Needless to say, if you can evict a tenant from residential property for trying to run a legitimate business, you can evict a tenant for attempting to operate an illegal activity. It is possible to evict tenants who try to sell some form of narcotics, prescription medication, or other illegal substances from the house.
You must serve the tenant a notice to quit, advising them that you will be filing for eviction due to criminal activity.
3. Holdover: Eviction Process for Without Lease
Understand and go through the state law about the eviction and hire a lawyer for the further process. Provide a 30-day “Notice to Quit” to the tenant and file for a petition. The final step is to remove the tenant following the premises and change the locks.
You can file for an eviction if the tenant refuses to move out after their lease has expired and you have provided them with a 30-day notice to quit.
What’s the Next Step?
1. Oklahoma 10/15 Day Notice to Quit
This notice is given to the tenant if the tenant has in some way materially violated the lease. For example, a landlord could serve this notice on a tenant for failure to pay rent. In this case, the tenant would have 10 days to pay rent. If the landlord accepts any money from the tenant, the notice is canceled, and the landlord would have to serve another notice for the remaining balance of the rent.
The landlord could not terminate the lease within the 10 day period. If the breach of the lease were not cured within the 10 day period, the lease could be terminated on the 15th day.
2. Oklahoma 5 Day Eviction Notice to Quit
The 5-day notice to quit is most commonly used in Oklahoma. Once a lease violation occurs or a tenant is late with their rent, you must provide the tenant with a 5-day notice to quit. That notice must be posted on the door of the property or handed to the tenant. And one copy must be sent to the tenant at their property certified mail.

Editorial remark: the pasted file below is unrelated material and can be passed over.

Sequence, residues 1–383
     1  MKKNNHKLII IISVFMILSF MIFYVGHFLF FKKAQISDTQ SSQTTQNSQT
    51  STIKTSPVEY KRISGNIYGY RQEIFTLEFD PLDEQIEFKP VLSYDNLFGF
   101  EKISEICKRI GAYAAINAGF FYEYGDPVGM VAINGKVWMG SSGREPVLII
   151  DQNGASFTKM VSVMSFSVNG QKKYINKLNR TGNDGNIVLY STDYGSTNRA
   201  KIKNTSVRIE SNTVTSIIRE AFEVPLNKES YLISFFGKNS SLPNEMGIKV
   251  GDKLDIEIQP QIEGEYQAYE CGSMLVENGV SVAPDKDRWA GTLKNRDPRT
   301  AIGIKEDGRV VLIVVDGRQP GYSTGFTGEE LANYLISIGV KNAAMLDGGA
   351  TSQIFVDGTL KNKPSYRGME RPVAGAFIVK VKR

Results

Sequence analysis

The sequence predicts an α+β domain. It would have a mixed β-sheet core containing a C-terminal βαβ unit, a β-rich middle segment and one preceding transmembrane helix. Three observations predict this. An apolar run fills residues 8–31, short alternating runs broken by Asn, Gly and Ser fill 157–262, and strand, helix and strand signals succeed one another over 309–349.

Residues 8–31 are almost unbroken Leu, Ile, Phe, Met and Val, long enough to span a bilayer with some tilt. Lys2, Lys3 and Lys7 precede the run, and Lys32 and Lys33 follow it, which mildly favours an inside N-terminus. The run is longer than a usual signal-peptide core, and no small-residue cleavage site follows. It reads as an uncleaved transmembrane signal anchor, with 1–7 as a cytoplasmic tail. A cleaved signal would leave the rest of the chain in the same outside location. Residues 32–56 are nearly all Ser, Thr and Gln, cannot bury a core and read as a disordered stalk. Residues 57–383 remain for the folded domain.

Eviction Notice Without Cause
To terminate the tenancy of month-to-month leases or a lease agreement that has been in effect for less than one year, a 30-day notice to leave is used.
Notice of eviction without a cause could include:
1. Month to Month Tenancy [30-day Eviction Notice ]
At the termination of the lease, the landlord regains the property’s ownership rights.
A month-to-month tenancy is a periodic tenancy created when control of the property without a definite expiry date is given to the renter and the landlord is paid on a monthly basis.
For a landlord, it’s easy to end a month-to-month tenancy. You do not need to offer a reason (though acting on discriminatory or retaliatory motives is illegal).
2. Fixed-Term Lease
A fixed-term rental, or term lease, refers to a rental lease with a start date and end date designated. Lease agreement Terms vary from 6 to 24 months.
The tenant will either move out on a designated date at the end of the contract, or the term lease will change to a month-to-month lease or The lease term will be extended by mutual consent. Explicit information about what happens at the end of the term lease should in the lease.
Step 2: Filing for Eviction Process
If the tenant doesn’t correct the issue within the five-day period, you or your attorney can file for eviction at the county clerk’s office. The court date for the eviction is usually seven calendar days from the date of the filing.
The eviction process server must serve the court papers to the tenant once the filing has been done. If the process server serves the tenant personally, that is, hands the tenant the court papers, the landlord may be eligible for a money judgment. If the process server cannot catch the tenant at home to serve them, they must post the papers on the door and send them certified mail.If you don’t get personal service, you are not entitled to a money judgment unless the tenant shows up in court.